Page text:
This is the remote desktop. You can see remmina's toolbar at the left of the window. The toolbar lets you choose between working in a full screen mode or in a window mode and between different simultaneous remote sessions.

A tip is to toggle the dynamic resolution updating, so you can adjust the size of the desktop to your choosing. In addition, the option to grab all keyboard events could help with recognizing some keybindings.

At the bottom of the window, we see the remote desktop's Windows toolbar.

It is the desktop which is the background on which the remote applications run.

The start menu

At the left end of the Windows toolbar, we see a white Windows-icon. Click on this, and the start menu with all the available programs on the software farm will appear.

To log out

Right click on the white Windows-icon and select Sign Out. You account will be signed out and you will be disconnected. If you choose to simply disconnect, your user account will stay signed in until your next session.

The Clipboard

You can cut/copy and paste between different programs that you have running in your remote session and ones that you have on your local desktop.

Available disks

To see the available disks there are several options, from the start menu, either by clicking on the Windows icon and then choosing Documents ⇒This PC or pressing File Explorer, logo either from the desktop's toolbar. On the screen for This PC you will see the disks and drives accessible from the remote desktop.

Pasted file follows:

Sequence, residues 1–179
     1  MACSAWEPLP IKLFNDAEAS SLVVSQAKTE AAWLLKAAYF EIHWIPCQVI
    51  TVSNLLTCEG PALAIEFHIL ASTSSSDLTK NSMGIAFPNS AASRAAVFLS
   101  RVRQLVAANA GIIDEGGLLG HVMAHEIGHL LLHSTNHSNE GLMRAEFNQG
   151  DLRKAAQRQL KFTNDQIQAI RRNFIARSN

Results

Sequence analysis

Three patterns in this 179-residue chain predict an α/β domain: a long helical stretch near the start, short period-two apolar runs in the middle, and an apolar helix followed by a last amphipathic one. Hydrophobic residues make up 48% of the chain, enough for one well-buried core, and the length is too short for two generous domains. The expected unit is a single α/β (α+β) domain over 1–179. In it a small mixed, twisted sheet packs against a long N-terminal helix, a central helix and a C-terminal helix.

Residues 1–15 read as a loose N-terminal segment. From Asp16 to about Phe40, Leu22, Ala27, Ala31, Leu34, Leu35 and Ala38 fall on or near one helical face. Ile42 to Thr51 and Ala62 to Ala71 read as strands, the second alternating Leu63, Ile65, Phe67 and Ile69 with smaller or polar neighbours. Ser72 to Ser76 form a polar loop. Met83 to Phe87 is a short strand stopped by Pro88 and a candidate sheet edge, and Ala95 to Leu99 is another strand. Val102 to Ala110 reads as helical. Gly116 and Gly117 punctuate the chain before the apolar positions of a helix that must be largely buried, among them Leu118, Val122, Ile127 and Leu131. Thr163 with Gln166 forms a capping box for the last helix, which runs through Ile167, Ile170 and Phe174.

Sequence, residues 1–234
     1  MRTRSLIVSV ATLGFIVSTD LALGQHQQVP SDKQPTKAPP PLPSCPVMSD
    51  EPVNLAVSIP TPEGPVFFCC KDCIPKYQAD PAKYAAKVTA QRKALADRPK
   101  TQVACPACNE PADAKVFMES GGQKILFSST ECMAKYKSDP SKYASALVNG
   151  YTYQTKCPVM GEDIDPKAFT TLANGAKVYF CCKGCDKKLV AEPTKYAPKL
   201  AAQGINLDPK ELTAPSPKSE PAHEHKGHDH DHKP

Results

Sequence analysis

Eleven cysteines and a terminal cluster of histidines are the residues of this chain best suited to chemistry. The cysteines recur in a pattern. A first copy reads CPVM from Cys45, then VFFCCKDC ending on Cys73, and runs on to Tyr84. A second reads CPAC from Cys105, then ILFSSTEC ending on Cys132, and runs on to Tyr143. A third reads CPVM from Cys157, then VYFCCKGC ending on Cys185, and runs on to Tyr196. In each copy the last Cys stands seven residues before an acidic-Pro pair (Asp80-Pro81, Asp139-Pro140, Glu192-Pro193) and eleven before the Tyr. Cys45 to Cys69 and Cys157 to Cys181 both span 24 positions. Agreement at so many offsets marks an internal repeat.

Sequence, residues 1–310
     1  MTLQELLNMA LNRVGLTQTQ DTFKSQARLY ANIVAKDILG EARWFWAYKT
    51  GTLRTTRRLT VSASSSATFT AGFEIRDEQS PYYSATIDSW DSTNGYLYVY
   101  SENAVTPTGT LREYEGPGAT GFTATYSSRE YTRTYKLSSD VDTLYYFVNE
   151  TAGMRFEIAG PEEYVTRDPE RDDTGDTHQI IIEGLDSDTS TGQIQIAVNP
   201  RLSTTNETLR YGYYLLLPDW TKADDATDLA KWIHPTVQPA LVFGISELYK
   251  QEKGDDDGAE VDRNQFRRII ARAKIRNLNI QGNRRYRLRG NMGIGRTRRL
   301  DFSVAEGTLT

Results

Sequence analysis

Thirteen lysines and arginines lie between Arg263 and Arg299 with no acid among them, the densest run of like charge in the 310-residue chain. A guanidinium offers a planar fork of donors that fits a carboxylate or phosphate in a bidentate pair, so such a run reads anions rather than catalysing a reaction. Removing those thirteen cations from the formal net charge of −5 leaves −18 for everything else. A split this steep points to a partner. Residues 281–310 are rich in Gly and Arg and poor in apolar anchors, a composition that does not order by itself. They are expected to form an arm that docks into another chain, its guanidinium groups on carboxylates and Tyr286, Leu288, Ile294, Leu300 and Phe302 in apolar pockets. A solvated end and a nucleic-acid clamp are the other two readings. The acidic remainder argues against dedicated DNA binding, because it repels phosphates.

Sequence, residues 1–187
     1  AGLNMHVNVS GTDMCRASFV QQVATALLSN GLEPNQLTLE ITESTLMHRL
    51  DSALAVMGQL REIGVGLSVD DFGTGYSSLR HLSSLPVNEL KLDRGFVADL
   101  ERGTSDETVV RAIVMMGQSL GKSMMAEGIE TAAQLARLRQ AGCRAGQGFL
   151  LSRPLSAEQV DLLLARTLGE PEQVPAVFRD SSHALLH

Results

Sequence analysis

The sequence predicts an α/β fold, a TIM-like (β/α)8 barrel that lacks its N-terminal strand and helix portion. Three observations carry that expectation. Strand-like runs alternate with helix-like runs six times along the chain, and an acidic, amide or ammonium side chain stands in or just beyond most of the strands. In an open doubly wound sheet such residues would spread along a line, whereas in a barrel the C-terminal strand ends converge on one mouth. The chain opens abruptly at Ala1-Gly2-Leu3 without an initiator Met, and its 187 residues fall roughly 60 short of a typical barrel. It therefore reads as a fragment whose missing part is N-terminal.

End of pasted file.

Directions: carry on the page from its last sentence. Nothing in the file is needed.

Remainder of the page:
Your user profile on will make sure that your network disk (Hjemmeområdet (M:) on the screenshot below) and other resources have been connected.

If you click on "Documents", either in the left navigation pane, or in the main area, you will notice that this is also your network disk (home area M:\). Saving your file to "Documents" will, then, save them to your network area, accessible from anywhere.

If the forwarding of your local disk or folder has been successful, the local disk on your host computer/Linux PC will be shown under Annet (Other). (Here you can see that the local folder /home/olavgun has been forwarded to the remote session as olavgun på oglinvirt). The forwarded disk can also be found under Network->tsclient-><forwarded disk>.

Forwarding the local disk can be buggy and cannot always be expected to work, if you encounter issues, make sure you are using the latest version(s) of your chosen software and your distribution, keep it updated.


Adding a printer to your Windows profile

  • You can set up a remote printer on your external desktop, which will then be saved in your profile so you can use it the next time you log on.